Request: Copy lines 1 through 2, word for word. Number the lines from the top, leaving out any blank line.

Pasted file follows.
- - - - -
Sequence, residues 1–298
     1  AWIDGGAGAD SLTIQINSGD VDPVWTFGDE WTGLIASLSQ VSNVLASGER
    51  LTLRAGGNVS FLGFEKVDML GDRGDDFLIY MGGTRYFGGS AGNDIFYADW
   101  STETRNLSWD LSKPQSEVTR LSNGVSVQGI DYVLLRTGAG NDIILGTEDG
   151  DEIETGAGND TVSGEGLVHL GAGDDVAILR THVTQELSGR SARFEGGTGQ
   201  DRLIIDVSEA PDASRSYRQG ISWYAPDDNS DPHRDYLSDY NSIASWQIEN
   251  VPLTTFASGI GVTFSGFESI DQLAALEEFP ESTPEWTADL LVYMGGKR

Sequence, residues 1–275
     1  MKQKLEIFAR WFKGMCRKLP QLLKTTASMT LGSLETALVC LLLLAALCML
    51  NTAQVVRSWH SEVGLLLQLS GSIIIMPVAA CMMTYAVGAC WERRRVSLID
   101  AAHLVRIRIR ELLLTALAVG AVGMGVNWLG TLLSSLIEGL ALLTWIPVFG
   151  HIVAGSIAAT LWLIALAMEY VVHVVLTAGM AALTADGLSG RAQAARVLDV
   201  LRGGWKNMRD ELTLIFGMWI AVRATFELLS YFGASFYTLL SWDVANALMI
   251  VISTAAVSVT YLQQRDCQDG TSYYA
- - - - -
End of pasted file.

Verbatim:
Sequence, residues 1–298
     1  AWIDGGAGAD SLTIQINSGD VDPVWTFGDE WTGLIASLSQ VSNVLASGER